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Disappointment for Fort Worth Episcopalians in US Supreme Court

Disappointment for Fort Worth Episcopalians in US Supreme Court

The US Supreme Court has declined to take the property appeal of The Episcopal Church and its Fort Worth diocese. The Texas Supreme Court decision in favor of the breakaway diocese stands.

SCOTUS Blog reports this afternoon:

The court also declined to take up three cases that involved property disputes between religious denominations and breakaway church factions: All Saints’ Episcopal Church (Fort Worth) v. The Episcopal Diocese of Fort WorthThe Episcopal Church v. The Episcopal Diocese of Fort Worth and Schulz v. Presbytery of Seattle. There were no noted dissents from the court’s decision not to intervene.

The loyal diocese issued this press release:

For immediate release

February 22, 2021

On February 22, 2021, the Supreme Court of the United States declined to hear our cases, which means the decision of the Texas Supreme Court stands.

(20-534) ALL SAINTS’ EPISCOPAL CHURCH V. DIOCESE OF FORT WORTH, ET AL.

(20-536) THE EPISCOPAL CHURCH, ET AL. V. DIOCESE OF FORT WORTH, ET AL.

Bishop Scott Mayer said, “I know this is a disappointment to us all, but as followers of Jesus Christ, we live in hope.”

“Presiding Bishop Michael B. Curry of The Episcopal Church joins me in acknowledging our disappointment and urging all of us to be gentle with one another during this trying time, with the important goal of continuing our worship of God and our ministries in this diocese of the Church in as uninterrupted a manner as possible.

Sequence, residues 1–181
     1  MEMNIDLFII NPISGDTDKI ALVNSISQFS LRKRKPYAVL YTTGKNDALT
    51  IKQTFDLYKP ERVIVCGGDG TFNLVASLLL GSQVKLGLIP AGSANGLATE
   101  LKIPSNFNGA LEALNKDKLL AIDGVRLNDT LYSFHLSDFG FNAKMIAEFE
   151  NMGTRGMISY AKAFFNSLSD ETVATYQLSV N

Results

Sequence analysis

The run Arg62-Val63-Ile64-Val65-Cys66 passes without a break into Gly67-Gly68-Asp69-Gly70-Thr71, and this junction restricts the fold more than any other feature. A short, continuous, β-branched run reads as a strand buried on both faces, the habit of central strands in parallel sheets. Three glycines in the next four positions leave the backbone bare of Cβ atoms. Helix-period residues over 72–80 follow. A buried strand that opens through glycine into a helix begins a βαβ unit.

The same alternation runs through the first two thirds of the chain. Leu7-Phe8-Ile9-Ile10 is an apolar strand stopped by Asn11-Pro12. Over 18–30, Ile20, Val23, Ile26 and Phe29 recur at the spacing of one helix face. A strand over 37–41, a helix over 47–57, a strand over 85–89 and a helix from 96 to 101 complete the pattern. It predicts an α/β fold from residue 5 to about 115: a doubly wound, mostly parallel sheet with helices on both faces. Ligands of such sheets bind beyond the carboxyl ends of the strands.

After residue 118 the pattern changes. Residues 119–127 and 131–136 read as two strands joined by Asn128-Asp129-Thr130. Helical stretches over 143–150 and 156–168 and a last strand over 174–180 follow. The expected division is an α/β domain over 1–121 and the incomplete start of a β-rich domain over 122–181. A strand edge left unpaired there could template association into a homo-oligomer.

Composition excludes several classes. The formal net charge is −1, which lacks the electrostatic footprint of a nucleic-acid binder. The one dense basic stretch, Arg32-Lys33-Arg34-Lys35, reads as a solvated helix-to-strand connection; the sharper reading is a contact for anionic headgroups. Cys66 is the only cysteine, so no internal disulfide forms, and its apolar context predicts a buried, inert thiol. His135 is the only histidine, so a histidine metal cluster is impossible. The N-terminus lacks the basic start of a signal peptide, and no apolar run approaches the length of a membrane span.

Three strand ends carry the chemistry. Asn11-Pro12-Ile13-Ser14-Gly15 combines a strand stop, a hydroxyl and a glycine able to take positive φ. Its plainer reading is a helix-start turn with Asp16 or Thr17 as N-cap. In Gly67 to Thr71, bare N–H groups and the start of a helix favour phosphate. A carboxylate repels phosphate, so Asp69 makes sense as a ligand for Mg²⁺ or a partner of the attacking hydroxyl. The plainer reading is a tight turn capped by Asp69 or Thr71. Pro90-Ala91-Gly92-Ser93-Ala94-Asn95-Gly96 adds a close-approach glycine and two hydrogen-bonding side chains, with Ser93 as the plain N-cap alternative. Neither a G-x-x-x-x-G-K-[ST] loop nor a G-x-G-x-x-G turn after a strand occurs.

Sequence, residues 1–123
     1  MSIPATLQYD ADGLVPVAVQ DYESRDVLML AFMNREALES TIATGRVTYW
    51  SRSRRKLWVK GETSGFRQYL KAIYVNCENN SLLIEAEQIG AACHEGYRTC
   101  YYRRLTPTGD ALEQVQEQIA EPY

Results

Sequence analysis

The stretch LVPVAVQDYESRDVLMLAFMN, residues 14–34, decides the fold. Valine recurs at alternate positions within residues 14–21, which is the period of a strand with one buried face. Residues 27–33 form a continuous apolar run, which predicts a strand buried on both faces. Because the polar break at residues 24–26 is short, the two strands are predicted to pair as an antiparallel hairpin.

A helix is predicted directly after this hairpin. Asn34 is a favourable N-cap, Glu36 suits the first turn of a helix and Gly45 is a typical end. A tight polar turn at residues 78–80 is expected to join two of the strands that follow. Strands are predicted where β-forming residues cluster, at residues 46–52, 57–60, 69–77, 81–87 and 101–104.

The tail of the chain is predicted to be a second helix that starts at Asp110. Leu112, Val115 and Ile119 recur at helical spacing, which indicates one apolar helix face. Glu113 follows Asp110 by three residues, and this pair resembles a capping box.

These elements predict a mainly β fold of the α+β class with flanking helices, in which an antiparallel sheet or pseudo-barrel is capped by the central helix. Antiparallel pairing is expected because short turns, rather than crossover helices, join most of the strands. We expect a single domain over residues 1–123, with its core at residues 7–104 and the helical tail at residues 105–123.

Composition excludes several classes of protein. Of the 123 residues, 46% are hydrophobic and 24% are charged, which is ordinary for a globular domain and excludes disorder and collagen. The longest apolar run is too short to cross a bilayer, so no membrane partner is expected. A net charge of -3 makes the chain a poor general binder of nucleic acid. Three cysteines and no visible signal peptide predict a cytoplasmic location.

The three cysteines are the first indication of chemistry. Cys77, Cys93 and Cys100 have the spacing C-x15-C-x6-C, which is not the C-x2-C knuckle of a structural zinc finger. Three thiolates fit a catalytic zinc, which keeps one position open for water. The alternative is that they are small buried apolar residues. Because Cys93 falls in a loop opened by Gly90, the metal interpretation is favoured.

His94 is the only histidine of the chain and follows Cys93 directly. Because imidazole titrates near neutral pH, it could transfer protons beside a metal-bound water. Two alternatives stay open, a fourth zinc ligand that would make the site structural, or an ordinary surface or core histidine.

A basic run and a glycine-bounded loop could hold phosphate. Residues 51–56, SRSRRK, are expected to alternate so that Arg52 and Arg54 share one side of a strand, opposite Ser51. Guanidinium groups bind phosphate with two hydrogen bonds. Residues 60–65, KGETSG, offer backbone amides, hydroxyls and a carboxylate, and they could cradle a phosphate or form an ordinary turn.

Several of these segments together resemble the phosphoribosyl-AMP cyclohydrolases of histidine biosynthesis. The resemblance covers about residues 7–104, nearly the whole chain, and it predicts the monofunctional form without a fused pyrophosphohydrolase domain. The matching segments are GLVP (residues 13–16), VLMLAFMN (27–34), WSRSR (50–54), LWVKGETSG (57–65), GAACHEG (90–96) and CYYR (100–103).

“I ask for your prayers and urge us all to stay focused on the saving gospel of Jesus Christ and on our mission and ministries in the days ahead.”

Bishop Mayer continued, ‘When we began this litigation in 2009, we did so as heir and steward of the legacy of generations of faithful Episcopalians.  In the wake of this decision we remain committed to preaching the gospel as we celebrate the sacraments, care for those in need, and strive for justice and peace.”

Bishop Mayer will be meeting with clergy and lay leaders via Zoom today.

In 2008, Bishop Jack Iker and other leaders of the Episcopal Diocese of Fort Worth left The Episcopal Church but retained control of the vast majority of the property, which those present at the founding of the Diocese unanimously promised by signed writing to use for The Episcopal Church, its constituent diocese, and the congregations thereof. This litigation began in early 2009 when The Episcopal Church and the loyal minority who sought to uphold those promises went to court to reclaim the property, accumulated over decades by generations of Episcopalians, for the mission and ministry of The Episcopal Church.

Attached: Letter from bishop 02222021

Curry to the Diocese of Ft Worth 2-22-2021_signed

For more information:

Katie Sherrod

Communication Director

cksherrod@gmail.com

817.909.0070

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Thomas Rightmyer